I had just told my employer I was pregnant a few days, maybe a week, prior — a decision some friends had argued against for the very reason I was now experiencing. It’s hard enough telling your employer you’re pregnant; telling them that you’re not any more feels unimaginable.
I returned to my job the very next day, writing and editing stories about parenthood and newborns and healthy pregnancies as I bled into an oversized pad. I told myself I had been “only” 12 or so weeks pregnant, hardly a reason to make a “big deal” out of losing that pregnancy. I would soldier on, because I had to. Because what would it say to my employer or my colleagues about me if I couldn’t?
It would have been so different for me — as it would for so many others — if employers (or better yet, governments) sent workers the message directly: We know this happens. We’re here for you. You’re entitled to take time to care for yourself and your family.
This revolutionary step forward is a sign of what could be if we, as a society, gained a better understanding of the needs of postpartum people, whether they’re post-infant loss, post-miscarriage, post-abortion or post live birth. This policy gives people what my partner and I did not have: the opportunity to heal — mentally, physically and emotionally — from a wanted pregnancy that did not end with a living infant and the expansion of our family.
Which is why this policy also makes me angry. It’s 2021 and still, still, it’s revolutionary to include those who suffer miscarriage and infant loss in discussions and policies that aim to support and care for postpartum people. I’m furious that for every other country on the globe, it seems that such a monumental policy is still out of reach.
It’s a commonly cited statistic that one in four pregnancies
will end in a miscarriage (though that number is likely higher as many pregnant people miscarry without knowing they were ever pregnant). But the commonality of miscarriage does not diminish or erase the trauma that often occurs as a result of pregnancy and infant loss — trauma of both the body and the mind.
Nearly 20% of women who experience a pregnancy loss will experience symptoms of depression and/or anxiety
, according to one 2015 study published in journal The Primary Care Companion for CNS Disorders. One in six women who experience pregnancy loss will also experience long-term PTSD symptoms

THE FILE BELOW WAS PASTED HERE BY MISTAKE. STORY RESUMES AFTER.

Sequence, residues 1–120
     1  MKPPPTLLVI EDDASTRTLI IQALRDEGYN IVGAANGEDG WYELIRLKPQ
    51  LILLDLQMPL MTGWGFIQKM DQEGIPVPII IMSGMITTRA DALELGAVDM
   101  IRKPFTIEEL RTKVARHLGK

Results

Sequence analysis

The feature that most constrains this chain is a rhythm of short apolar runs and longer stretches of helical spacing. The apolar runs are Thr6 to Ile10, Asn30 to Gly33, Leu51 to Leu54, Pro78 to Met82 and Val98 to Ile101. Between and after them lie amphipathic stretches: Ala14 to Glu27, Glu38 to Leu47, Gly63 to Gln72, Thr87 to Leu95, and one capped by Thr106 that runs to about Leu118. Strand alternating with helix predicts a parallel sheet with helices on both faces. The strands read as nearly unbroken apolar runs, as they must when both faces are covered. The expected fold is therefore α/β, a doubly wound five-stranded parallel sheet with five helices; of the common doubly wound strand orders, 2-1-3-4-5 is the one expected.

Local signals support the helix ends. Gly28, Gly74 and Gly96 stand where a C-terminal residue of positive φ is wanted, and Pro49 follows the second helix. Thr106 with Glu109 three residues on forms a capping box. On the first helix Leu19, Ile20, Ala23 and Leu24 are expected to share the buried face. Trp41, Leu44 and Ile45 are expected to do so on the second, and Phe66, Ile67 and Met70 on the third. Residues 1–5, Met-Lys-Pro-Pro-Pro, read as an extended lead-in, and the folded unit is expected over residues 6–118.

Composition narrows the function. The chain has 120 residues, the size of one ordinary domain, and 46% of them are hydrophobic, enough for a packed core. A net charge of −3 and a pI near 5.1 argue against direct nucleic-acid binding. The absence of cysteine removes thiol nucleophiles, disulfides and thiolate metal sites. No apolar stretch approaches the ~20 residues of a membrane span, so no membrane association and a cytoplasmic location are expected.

, according to a recent 2020 study. When combined with the physical effects of pregnancy loss (which vary widely), these dire ramifications warrant time off to process, grieve, seek treatment for and begin healing from.
Yet pregnant people in this country are rarely afforded such time. The United States remains
the only industrialized nation in the world that does not mandate paid family leave following the birth of a child, let alone following a pregnancy or infant loss. One in four women return to work
just two weeks after giving birth — an apparent byproduct of a capitalist nation that prioritizes pontificating on the importance of working mothers over actually providing them adequate support via paid time off
, affordable childcare
, access to maternal mental health care
, and equal pay for equal work
It’s not just the lack of support via policies and laws that harm those who have experienced pregnancy or infant loss, either. Our country has a dire misunderstanding of miscarriage in general, let alone how it can impact those who experience it. One 2015 study
of 1,084 adults found that a majority erroneously believe miscarriage occurs in 5 percent or less of pregnancies and that it can be the result of lifting something heavy (not to mention the significant number who said it was the result of contraception or an argument).
Due to lingering pregnancy discrimination
in the workplace, pregnant people are rarely provided adequate workplace accommodations or paid time off for health-related reasons, let alone when they’re no longer pregnant due to a loss. In all likelihood, I could have taken time off to heal from my miscarriage. I was one of the privileged few who worked at a company that would have granted me that time had I only found it in me to ask for it. But I didn’t. If there was no baby, then who did I need the time to heal for, exactly? Surely, the answer couldn’t have been simply…me.
But that was the answer. I struggled after my miscarriage with my emotional and mental health. Had I been made to feel as though I could prioritize the needs of my post-pregnant body, whether it was holding an infant or not, by taking time away from work, I might have been better equipped to deal with the perinatal mood disorders that followed during my subsequent pregnancy. After all, studies show
that a past history of postpartum depression and anxiety puts someone at an elevated risk for perinatal mood disorders.
While New Zealand’s paid time off policy for those who have had a pregnancy or infant loss is an important and necessary step forward, it is also a referendum on governments around the world that it took until 2021 to happen. And if we are ever going to make significant strides in the US toward lowering the maternal mortality rate, prioritizing maternal mental health and better positioning moms to succeed both in and outside the home, than we must start treating the needs of every pregnant person, regardless of the outcome of their pregnancy, with the same level of dignity and urgency.
The legitimacy of a postpartum need — be it mental, physical or emotional — does not hinge on the presence of a living infant, but the presence of the need itself and the person who says they have it.
I had those needs once. In many ways, I still do. It’s far past time for more countries — the US included — to acknowledge them.